The Watch | PHA meetings



Several months ago, attorney John T. Brady read the local government observer reports in his League of Women Voters of Greater Peoria monthly newsletter. It reported PHA meetings had been moved or cancelled, often without notice. Agendas and basic information weren’t available. The website was out of commission.

Peoria Housing Authority Executive Director Jackie Newman channels the late commentator Paul Harvey by noting “the rest of the story” can surprise you.

Might be bureaucratic nonsense. Might be porn. Just asking about it can make a difference.

“I learned that the LWV wasn’t getting the information that it had requested from the PHA, and I thought that it was fairly important stuff that had been requested,” Brady says.

Current LWVGP president Connie Romanus has been the frustrated PHA observer for the last couple of years. Even when meetings were held at the specified time and place, the PHA board might not have a quorum to get business done.

One of her predecessors, Mary Jane Crowell, notes communication issues are not new and wonders about the commitment. The PHA has a person present to keep minutes, but she thinks a staff person should be able to keep up with the website and posting information, as well.

“I find it hard to criticize, but I also know that anyone can do what needs to be done in a timely and excellent manner. That does not seem to happen with the PHA administration of business,” Crowell says. “I always thought their business was done with integrity, but then things would happen that would make it seem questionable. I do know that capable and wise board members would seem to disappear in a somewhat short time.”

Brady saw no reason the PHA shouldn’t provide such basics. Information about public bodies — like notice of meetings/minutes, keeping verbatim records of closed sessions — is required under the Illinois Open Meetings Act. Questions about public information — like why such items aren’t posted — must get a response within five to 21 days under the Illinois Freedom of Information Act. Brady used his own template to file.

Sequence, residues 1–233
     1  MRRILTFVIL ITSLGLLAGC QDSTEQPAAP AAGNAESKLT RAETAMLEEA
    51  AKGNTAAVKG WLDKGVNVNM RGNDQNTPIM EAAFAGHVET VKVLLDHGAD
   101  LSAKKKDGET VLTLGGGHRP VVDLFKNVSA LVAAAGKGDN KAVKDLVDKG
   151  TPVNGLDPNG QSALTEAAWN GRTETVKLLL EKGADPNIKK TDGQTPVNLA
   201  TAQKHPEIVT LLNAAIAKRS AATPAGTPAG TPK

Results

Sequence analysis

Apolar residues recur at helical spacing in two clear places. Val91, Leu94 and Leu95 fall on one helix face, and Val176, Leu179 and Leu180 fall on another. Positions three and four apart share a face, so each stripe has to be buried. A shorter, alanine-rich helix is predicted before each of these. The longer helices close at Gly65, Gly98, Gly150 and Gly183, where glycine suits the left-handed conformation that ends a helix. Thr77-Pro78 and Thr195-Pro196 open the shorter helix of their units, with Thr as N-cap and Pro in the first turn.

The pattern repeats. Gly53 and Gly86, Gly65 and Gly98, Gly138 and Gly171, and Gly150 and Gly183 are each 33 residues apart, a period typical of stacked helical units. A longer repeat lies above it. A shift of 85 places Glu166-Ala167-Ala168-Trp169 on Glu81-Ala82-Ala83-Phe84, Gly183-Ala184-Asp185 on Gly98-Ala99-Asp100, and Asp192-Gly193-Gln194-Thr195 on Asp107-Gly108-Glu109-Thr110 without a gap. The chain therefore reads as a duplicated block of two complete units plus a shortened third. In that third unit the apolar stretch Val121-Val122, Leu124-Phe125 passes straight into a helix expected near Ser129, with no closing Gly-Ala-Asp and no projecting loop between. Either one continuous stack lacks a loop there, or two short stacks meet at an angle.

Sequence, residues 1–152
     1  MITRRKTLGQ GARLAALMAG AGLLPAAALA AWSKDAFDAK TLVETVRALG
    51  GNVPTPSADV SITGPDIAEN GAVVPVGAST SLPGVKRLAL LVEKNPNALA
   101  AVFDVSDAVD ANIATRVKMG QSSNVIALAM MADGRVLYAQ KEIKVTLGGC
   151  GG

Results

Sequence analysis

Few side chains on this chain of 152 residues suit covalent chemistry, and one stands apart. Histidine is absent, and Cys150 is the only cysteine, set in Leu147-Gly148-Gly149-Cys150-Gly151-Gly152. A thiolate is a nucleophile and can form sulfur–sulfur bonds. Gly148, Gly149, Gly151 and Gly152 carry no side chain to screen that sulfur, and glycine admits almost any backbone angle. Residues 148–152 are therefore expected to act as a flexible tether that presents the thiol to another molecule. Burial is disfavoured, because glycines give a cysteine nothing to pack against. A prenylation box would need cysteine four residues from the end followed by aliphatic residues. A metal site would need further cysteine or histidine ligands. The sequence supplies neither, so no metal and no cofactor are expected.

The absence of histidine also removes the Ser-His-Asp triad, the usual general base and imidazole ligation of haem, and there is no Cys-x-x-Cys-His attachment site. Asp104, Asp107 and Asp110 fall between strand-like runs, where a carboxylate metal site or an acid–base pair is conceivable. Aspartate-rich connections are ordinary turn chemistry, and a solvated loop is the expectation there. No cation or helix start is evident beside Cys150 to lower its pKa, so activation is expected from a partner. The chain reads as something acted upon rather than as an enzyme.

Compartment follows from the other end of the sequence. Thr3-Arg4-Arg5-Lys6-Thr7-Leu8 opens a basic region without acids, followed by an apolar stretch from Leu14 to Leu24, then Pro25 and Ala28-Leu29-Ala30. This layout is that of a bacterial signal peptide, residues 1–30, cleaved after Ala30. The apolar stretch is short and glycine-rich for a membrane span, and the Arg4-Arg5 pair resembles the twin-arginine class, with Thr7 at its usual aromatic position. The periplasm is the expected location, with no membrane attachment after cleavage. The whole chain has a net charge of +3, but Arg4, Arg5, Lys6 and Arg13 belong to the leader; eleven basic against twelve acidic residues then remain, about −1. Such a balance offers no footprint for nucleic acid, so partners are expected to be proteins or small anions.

“But it’s a fairly simple process for almost anyone,” he says. “It would probably just take others a little longer than it took me.”

He didn’t get everything he wanted when he wanted it. But a follow-up letter copied to the PHA board attorney prompted explanations: Short staff. Missing personnel. Multiple issues to address.

Newman added a less-traditional explanation.

“When someone takes your website and directs it into a porn site, you have to shut it down,” she says. “And that’s what happened. Our website is now up and running.”

Communication is better. Romanus says local operations are improving and there is “a bit more transparency.”

Meeting minutes are posted for the past year, though some don’t display. Agendas are available for most of 2019. The Dec. 2 meeting is listed, without a time. There is a list of current board members and their terms, although no information about Newman. Romanus notes the administrative assistant needs approval to post on the website. It’s not always a smooth process, “but definitely better!”

Hopefully, the public will keep looking for the rest of the story. PHA board chairman Carl Cannon says he welcomes the scrutiny.

“That exposure helps keep people honest,” he says.

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